But things got a bit more complicated. The Universities also had members, elected by the graduates who could be bothered to rumble back into Oxford or Cambridge for the vote (until a postal vote came into being later on). So there’s another vote. Furthermore, the essence of most of the system was that property, not people, voted. The vote was not an individual moral right, but a social responsibility, a decision taken by those with education and property on behalf of those considered unable to understand the issues. Before 1872, people’s votes were published in a ‘poll-book’, along with their addresses, so that the un-enfranchised could discus the votes with the voter, in a presumably calm manner which never, never involved elaborate analysis of the voter’s parentage, finances, or romantic predilections towards animals. People had votes in a constituency where they owned property. If somebody owned enough property in thirty constituencies, they had votes in thirty constituencies. General Elections were held over several weeks, so if somebody had no regard for bad roads and plenty of time, they could try and dash around voting in numerous contests. Of course, in many places the landlords virtually owned a constituency. There, the magnate would gather all the tenants who could vote into a big field, crack open some beer, ‘suggest’ they elect some younger son of his, and remind them of his potential leniency for collecting rents. Because of the degree of proprietarial influence, huge numbers of constituencies were uncontested. Scotland was even more tightly-controlled than England, so that once not a single constituency was contested, and thus for that General Election not a single vote was cast in the whole of Scotland.

Clearly, I’m not saying that this was a system I’d like to see replicated and revived. But nineteenth-century politics had tremendous change and variety. Somebody born at the start of the century, and who lived through to near the end, would have seen numerous different kinds of votes, vastly different political cultures. At the height of prosperity and the Empire, in a period of rapid and indeed bewildering technological and economic change, the Victorians reformed their Parliament at a rate of about once a generation. The idea was not to produce as radical system: the idea was, all along, to perfect their current system, to obviate dissent and make Parliament more manageable. The relatively moderate First Reform Act only passed because Lord John Russell, later Prime Minister, claimed it would end the question for all time, earning himself the nickname ‘Finality Jack’. Clearly, he was wrong, as the principle returned again and again, each time politicians trying to produce a ‘safe’ reform that eventually culminated in universal adult suffrage.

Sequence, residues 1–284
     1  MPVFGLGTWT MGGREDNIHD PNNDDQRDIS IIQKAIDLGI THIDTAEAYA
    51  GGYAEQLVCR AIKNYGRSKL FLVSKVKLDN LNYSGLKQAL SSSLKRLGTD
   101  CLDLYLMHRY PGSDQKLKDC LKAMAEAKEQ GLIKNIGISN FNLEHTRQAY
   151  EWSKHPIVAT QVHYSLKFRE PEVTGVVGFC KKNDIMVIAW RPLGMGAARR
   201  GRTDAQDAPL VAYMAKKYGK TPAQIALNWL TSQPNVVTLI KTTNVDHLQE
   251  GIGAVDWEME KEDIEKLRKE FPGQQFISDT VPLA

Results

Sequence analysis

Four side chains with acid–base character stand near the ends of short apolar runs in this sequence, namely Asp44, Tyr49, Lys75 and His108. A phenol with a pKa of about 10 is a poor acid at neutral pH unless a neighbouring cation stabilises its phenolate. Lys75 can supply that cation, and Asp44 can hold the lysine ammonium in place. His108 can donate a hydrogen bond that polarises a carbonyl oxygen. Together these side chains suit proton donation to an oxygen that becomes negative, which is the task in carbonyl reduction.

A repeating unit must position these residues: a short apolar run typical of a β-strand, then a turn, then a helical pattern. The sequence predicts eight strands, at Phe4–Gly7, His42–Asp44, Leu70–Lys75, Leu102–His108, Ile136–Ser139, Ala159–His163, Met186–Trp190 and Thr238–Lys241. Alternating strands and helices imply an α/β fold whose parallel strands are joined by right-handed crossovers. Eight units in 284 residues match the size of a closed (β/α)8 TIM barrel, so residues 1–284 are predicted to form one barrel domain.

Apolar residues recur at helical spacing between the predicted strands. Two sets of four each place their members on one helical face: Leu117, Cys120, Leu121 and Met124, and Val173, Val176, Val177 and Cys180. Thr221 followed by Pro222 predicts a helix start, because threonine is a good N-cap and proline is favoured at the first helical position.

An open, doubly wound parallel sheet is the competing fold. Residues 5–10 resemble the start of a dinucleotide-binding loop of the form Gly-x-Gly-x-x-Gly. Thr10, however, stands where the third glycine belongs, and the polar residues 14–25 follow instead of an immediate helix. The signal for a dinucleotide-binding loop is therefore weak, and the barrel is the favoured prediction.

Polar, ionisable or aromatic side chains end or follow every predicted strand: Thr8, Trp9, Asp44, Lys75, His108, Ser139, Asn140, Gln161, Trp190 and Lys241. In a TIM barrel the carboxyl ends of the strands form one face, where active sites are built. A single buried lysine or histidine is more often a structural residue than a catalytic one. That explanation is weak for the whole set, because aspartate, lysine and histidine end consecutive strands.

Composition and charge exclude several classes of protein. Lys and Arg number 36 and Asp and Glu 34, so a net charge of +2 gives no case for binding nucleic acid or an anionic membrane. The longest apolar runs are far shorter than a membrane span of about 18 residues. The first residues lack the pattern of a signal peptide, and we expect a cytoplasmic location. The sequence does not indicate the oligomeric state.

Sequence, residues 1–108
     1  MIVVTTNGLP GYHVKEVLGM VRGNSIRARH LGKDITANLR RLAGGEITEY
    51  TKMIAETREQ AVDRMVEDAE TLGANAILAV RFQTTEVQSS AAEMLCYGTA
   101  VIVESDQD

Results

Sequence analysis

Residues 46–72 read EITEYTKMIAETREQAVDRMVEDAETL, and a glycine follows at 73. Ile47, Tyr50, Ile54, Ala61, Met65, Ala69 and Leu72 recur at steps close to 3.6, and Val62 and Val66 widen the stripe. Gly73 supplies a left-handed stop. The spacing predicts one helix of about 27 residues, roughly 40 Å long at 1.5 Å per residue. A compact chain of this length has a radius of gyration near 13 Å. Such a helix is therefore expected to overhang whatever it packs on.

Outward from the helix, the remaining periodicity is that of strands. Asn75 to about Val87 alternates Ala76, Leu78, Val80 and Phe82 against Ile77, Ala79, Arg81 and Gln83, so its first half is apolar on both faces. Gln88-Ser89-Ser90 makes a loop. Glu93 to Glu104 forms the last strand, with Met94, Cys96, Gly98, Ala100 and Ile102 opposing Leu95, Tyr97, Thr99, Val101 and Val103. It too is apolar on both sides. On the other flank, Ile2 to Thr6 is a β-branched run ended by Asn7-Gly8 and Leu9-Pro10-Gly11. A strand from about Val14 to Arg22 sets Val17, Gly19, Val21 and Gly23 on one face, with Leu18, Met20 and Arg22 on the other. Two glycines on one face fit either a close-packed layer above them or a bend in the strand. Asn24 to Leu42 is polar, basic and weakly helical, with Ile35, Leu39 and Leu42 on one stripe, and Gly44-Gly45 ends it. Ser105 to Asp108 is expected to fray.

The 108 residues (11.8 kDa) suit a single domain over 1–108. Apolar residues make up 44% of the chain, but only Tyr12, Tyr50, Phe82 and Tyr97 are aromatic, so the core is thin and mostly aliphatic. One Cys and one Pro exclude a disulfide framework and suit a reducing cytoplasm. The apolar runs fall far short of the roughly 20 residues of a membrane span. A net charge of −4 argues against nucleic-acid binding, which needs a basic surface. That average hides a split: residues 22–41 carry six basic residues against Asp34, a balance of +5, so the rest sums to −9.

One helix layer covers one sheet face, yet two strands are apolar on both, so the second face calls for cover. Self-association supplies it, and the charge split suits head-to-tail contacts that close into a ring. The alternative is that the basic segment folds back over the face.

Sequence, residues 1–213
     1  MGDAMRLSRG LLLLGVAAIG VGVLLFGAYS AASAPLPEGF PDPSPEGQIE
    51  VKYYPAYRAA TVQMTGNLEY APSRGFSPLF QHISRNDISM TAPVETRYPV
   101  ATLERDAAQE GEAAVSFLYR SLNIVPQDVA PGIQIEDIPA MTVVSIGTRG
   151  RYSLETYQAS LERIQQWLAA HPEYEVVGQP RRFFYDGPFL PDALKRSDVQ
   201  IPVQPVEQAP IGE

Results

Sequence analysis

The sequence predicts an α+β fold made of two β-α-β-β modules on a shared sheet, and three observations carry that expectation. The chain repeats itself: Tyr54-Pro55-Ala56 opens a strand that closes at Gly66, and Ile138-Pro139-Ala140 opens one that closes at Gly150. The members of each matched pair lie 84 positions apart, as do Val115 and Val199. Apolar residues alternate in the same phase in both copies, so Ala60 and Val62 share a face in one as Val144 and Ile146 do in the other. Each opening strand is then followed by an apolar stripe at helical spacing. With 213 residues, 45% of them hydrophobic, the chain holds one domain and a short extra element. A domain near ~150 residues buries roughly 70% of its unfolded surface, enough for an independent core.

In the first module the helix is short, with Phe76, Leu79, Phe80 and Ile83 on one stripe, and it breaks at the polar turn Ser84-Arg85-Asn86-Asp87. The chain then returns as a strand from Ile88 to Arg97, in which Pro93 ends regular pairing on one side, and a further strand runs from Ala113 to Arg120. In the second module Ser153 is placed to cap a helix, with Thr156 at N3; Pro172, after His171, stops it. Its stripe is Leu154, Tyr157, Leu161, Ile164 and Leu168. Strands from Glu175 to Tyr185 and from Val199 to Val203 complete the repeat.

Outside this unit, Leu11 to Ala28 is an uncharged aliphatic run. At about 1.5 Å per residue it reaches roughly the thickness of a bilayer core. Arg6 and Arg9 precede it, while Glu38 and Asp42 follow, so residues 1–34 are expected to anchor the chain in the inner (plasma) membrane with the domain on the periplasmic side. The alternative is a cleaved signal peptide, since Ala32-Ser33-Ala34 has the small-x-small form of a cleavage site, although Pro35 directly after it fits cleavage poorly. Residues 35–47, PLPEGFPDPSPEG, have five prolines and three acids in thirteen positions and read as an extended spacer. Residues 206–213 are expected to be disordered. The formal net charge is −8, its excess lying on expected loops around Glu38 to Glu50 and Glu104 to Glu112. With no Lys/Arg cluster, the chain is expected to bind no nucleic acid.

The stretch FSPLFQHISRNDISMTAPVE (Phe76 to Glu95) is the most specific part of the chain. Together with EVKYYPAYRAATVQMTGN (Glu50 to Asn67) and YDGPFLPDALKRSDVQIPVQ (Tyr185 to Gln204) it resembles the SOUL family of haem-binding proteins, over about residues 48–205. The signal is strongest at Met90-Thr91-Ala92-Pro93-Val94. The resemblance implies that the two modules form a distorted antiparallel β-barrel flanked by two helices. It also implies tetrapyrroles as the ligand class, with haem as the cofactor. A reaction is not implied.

This sweep certainly undermines the idea that history validates the status quo, or that the current mechanics are sacrosanct, guaranteed by a Stonehenge-like antiquity and solidity. Parliament’s unique culture, and the technical details of the Royal Prerogative and the structural workings of the Constitution may be as mysterious to most as Stonehenge itself. It seems history can never answer the question of who built that monument. But history can, perhaps, undermine the abuse of history by those opposing AV, and thus save Parliament from being another ruinous, faded, mysterious monument to a long-dead civilisation: both the establishment politicians who refused to respond to outside agitation, or the progressive agitators who never accepted the occasional tactical need to work pragmatically within the established system.


James Golden is completing a doctorate in Modern History at Hertford College, Oxford.